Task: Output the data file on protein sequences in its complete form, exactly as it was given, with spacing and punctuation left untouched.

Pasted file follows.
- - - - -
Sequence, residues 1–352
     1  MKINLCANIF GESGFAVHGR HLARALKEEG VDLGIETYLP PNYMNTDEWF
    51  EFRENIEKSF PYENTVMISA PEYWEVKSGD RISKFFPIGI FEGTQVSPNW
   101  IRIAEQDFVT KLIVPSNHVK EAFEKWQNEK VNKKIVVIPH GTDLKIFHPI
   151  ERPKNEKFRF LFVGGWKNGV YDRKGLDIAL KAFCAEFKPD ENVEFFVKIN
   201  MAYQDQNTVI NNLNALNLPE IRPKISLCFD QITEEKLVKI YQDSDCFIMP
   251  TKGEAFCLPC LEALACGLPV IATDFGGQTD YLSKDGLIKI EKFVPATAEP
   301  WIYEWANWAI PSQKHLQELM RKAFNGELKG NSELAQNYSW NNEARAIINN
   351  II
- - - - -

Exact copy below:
Sequence, residues 1–352
     1  MKINLCANIF GESGFAVHGR HLARALKEEG VDLGIETYLP PNYMNTDEWF
    51  EFRENIEKSF PYENTVMISA PEYWEVKSGD RISKFFPIGI FEGTQVSPNW
   101  IRIAEQDFVT KLIVPSNHVK EAFEKWQNEK VNKKIVVIPH GTDLKIFHPI
   151  ERPKNEKFRF LFVGGWKNGV YDRKGLDIAL KAFCAEFKPD ENVEFFVKIN
   201  MAYQDQNTVI NNLNALNLPE IRPKISLCFD QITEEKLVKI YQDSDCFIMP
   251  TKGEAFCLPC LEALACGLPV IATDFGGQTD YLSKDGLIKI EKFVPATAEP
   301  WIYEWANWAI PSQKHLQELM RKAFNGELKG NSELAQNYSW NNEARAIINN
   351  II